Several hours later the situation appeared less dire, as the damaged spillway remained standing.
The state water resources department said crews using helicopters would drop rocks to fill a huge gouge, and authorities were releasing water to lower the lake’s level after weeks of heavy rains in the drought-plagued state.
By 10 p.m., state and local officials said the immediate danger had passed with water no longer flowing over the eroded spillway. But they cautioned that the situation remained unpredictable.
“Once you have damage to a structure like that it is catastrophic,” acting Water Resources director Bill Croyle told reporters. But he stressed “the integrity of the dam is not impacted” by the damaged spillway.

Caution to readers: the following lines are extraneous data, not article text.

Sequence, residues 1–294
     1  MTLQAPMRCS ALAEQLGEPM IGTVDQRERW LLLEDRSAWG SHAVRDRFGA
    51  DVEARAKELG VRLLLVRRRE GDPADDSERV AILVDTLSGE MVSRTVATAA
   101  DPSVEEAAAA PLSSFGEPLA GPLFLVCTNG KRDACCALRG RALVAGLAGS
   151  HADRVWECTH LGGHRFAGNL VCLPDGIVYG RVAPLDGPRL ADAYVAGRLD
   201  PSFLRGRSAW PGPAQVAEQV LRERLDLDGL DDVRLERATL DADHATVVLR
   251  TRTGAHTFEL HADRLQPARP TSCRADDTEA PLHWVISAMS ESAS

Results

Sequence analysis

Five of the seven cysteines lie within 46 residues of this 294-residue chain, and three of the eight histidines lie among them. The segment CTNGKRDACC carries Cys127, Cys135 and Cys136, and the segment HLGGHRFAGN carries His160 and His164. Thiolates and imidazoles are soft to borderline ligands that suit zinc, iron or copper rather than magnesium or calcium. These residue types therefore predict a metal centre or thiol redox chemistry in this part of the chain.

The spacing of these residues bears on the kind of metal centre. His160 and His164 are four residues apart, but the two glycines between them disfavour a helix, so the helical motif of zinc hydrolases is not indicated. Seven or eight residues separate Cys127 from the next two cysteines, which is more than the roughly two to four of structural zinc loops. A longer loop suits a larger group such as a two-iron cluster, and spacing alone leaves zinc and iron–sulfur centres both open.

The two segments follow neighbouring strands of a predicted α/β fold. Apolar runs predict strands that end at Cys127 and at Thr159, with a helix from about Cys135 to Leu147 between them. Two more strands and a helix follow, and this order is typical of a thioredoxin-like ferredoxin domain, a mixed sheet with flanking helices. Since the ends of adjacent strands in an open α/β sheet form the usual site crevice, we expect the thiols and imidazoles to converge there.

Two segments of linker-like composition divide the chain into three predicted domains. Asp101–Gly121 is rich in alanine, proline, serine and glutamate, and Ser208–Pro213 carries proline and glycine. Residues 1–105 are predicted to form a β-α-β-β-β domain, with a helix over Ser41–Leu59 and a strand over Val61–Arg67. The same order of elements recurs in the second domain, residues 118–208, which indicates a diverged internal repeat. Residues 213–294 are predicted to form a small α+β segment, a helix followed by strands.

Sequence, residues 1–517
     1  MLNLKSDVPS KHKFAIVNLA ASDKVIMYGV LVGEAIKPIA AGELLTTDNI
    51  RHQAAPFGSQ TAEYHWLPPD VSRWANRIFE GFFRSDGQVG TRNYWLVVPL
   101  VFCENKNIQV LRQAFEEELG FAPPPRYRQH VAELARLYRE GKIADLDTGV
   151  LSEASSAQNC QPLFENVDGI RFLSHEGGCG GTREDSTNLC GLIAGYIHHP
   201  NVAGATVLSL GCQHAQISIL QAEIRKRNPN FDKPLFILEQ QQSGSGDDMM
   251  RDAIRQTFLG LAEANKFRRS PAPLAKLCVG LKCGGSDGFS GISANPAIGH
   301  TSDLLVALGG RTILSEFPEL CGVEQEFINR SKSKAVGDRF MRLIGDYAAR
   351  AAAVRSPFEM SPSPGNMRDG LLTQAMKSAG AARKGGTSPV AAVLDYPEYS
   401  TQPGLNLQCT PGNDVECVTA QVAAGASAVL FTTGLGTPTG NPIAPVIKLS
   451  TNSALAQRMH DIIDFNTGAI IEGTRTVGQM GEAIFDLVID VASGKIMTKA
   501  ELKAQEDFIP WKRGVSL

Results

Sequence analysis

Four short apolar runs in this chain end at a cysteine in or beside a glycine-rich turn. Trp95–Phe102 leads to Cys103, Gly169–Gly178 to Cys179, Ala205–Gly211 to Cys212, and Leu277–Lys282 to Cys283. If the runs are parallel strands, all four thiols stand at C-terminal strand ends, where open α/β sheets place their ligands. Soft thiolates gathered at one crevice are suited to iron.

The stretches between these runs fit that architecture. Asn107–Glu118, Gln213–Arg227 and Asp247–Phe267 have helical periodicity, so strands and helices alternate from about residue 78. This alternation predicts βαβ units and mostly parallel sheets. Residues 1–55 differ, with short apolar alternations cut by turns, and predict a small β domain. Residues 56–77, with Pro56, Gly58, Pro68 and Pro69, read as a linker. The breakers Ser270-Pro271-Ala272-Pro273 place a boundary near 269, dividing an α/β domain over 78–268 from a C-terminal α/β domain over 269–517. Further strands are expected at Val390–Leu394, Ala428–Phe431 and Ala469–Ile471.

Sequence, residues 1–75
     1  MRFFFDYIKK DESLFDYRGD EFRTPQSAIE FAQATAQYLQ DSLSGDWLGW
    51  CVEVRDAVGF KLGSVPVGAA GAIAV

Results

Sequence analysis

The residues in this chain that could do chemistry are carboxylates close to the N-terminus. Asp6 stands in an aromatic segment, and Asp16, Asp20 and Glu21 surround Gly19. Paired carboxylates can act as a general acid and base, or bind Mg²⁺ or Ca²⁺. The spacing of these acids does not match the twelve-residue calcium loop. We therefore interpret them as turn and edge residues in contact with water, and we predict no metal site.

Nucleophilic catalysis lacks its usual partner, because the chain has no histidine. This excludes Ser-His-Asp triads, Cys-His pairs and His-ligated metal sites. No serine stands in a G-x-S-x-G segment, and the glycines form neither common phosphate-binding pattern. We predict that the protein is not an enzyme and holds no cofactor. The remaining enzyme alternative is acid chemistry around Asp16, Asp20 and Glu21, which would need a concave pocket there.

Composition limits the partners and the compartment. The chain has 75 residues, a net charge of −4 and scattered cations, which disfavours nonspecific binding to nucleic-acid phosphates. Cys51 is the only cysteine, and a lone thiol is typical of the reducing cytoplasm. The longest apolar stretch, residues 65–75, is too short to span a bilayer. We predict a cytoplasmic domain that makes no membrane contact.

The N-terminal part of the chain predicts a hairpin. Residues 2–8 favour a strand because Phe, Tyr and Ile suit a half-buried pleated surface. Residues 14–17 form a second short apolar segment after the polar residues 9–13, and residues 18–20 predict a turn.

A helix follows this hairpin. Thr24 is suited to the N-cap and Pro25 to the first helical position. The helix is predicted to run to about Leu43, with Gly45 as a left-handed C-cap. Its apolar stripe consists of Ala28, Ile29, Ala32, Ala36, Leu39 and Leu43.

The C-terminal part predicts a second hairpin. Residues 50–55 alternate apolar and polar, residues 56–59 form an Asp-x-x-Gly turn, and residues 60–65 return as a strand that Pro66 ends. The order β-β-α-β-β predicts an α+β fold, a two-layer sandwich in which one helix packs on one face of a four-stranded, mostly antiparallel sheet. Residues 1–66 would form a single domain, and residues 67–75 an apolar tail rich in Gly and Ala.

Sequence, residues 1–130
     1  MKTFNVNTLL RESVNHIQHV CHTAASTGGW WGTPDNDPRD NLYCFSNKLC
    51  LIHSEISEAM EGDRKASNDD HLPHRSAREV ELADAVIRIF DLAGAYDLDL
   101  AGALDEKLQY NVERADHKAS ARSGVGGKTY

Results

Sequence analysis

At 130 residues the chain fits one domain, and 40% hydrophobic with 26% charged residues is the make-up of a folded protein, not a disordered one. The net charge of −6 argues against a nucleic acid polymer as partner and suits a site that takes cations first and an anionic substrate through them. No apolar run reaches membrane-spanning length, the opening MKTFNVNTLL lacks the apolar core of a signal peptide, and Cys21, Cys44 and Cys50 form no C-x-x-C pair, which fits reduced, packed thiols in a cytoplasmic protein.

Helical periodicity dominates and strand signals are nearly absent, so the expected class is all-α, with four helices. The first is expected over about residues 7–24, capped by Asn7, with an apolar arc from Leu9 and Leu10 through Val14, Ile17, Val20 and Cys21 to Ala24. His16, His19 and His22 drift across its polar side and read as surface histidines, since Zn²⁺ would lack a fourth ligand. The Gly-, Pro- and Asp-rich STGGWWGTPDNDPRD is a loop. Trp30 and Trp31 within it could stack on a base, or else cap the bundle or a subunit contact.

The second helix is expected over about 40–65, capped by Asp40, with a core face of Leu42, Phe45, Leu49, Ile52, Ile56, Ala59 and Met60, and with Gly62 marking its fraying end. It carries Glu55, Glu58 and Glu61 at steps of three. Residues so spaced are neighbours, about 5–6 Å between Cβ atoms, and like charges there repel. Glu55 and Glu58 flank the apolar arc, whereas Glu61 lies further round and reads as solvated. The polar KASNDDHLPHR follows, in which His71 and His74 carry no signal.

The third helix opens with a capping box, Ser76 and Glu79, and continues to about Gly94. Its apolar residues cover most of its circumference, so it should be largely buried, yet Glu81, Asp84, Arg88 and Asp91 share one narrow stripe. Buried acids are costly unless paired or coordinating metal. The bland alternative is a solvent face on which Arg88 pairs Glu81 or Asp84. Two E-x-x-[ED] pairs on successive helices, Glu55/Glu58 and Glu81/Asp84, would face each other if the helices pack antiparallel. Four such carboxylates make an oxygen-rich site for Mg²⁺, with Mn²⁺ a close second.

Asked about the evacuation order, Croyle said:
“It was a tough call to make.” He added: “It was the right call to make.”
Officials said they feared the damaged spillway could unleash a 30-foot wall of water on Oroville, north of the state capital Sacramento.
They said evacuation orders remained in place for some 188,000 people in Oroville, Yuba County, Butte County, Marysville and nearby communities and would be re-evaluated at dawn.
The Yuba County Office of Emergency Services urged evacuees to travel only to the east, south or west. “DO NOT TRAVEL NORTH TOWARD OROVILLE,” the department warned on Twitte